One thing's for sure--I'd better get straight what I mean by "sustain."
As members of The Church of Jesus Christ of Latter-day Saints, we do a lot of it. My local congregation near Chicago had its annual ward conference in March. I was raising my hand for everyone from the nursery assistant to Gordon B. Hinckley, president of the entire Mormon church, as "prophet, seer, and revelator." I've got a handle on what a nursery assistant does; how a prophet, seer and revelator operates is less clear to me.
Does sustaining mean I have to understand what every job entails? I don't think so. Given enough time, however, most active church members get to see plenty of church jobs by being asked to do them. We are a lay church--no paid clergy--and it can be Fruit Basket Upset when positions (or "callings") within a ward shift around. The bishop who led a congregation for five years can end up teaching the seven-year-olds. The choir director can teach the Gospel Doctrine Sunday School class.
Sometimes the callings are good fits; sometimes they stretch our abilities to infinity and beyond. Those of us sitting in the Sunday School class taught by someone who knows everything about Purcell and nothing about Peter and Paul can learn bucket loads about patience and long suffering.
Does sustaining mean I think this person is the best candidate for the task? No, not if best means most qualified by some worldly measurement. Yes, if I think God was involved in the choice.
When I raise my hand to sustain someone--prophet or program typist--am I agreeing to go along with everything they say, do or propose? I think this question misses the mark completely. Sustaining is not raising my hand and saying "Yes, sir" or "Yes, ma'am" until the next switcheroo. That's too passive. Sustaining is robust, interactive, and multi-layered.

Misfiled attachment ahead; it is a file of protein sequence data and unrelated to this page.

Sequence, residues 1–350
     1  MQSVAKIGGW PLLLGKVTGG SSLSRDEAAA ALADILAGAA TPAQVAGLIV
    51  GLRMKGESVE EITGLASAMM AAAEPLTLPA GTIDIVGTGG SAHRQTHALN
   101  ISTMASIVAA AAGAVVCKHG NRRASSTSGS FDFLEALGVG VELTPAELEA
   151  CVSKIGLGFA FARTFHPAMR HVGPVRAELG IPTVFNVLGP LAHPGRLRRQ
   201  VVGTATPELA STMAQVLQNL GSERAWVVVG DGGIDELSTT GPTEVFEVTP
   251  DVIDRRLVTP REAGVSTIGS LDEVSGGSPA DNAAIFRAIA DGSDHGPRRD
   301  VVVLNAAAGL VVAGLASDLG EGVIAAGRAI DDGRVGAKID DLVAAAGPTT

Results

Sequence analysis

Pulitzer prize-winning historian and Mormon Laurel Thatcher Ulrich has a fresh spin on sustaining. "Sustaining is nourishment," she says. We sustain our leaders as we sustain life, by nourishing them with all the good we have to offer. That good can be our ideas, our feedback, our fresh point of view, our thanks.
Fond of food analogies, Ulrich says, "You don't give somebody tacos who is recovering from the 24 hour-flu, but neither can you sustain someone with a continuous diet of Jello."
I am an advocate of feedback. Not the whiney, combative kind; that would be the tacos after stomach flu variety. I know well how demoralizing this can be. When called to be a teacher for the teenagers in our new town, I was reeling with inexperience and anxiety. My 15-year-old snarled, "You don't know what you're doing. Why don't you just call Sister B. back in Massachusetts and find out how it's really done?"
On the other hand, the Jello approach of soft, jiggly praise feels so good going down, but won't nourish us for long. We need all the help we can get to improve our service to our congregation and for our own spiritual development. Kindly, constructively, gently, sparingly--these are good adverbs for sustaining.
Another friend tells of an interview she had with her church leaders. They asked, "Do you sustain the priesthood?" She responded, "What do you mean, do I sustain the priesthood? The priesthood sustains me! It's the power by which the universe was made! How can I sustain it?"
Amen, sister! This underscores our fuzzy thinking about two words.
"Sustaining" is not acquiescence to the Suits. It implies power, life and energy. And "priesthood" is not synonymous with Y chromosomes. The Priesthood heals the sick; it raises the dead; it binds families together through all generations of time.
Jesus handpicked his apostles during his time on earth. He knew them and loved them for the humble, bumbling, sweaty, real men that they were. Church leaders now, handpicked as well, are just as real with all that implies. Can I love them as Christ did the original batch? Can others do the same for me?
Can we sustain each other with patience, forbearance, feedback, gratitude, and grace?
Yes, I'm sure.